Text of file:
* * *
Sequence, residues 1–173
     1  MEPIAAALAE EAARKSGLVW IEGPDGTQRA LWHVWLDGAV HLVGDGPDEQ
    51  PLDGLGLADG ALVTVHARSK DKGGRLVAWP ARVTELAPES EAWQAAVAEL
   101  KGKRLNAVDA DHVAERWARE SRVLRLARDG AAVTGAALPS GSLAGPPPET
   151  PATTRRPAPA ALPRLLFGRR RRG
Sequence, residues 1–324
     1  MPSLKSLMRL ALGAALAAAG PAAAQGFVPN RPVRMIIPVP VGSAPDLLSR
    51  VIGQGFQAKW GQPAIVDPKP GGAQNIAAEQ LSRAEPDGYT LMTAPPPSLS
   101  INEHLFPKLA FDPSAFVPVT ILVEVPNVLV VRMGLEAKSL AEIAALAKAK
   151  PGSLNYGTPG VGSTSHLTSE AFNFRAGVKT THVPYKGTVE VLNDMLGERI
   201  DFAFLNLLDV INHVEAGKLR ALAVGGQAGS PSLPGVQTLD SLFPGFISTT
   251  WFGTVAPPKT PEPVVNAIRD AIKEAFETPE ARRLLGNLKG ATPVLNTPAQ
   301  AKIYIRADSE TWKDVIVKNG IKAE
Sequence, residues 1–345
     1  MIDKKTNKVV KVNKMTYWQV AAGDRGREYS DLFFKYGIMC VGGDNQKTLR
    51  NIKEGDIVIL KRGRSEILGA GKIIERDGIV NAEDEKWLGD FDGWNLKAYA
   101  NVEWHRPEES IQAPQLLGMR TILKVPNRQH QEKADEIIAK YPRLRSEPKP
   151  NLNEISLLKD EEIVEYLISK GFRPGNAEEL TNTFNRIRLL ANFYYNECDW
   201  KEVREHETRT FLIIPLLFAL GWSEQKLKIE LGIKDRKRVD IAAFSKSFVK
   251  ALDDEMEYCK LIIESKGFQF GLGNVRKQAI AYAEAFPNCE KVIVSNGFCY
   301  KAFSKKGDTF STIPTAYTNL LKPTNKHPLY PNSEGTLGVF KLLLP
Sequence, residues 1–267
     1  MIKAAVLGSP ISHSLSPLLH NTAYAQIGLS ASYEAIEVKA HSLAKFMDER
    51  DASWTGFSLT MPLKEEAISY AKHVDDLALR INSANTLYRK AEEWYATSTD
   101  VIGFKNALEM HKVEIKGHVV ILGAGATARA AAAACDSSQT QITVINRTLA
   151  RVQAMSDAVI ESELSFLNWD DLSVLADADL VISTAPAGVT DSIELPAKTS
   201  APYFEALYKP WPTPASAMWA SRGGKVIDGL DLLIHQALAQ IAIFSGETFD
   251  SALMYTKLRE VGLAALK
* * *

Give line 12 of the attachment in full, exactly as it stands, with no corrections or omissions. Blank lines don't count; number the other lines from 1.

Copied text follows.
   251  WFGTVAPPKT PEPVVNAIRD AIKEAFETPE ARRLLGNLKG ATPVLNTPAQ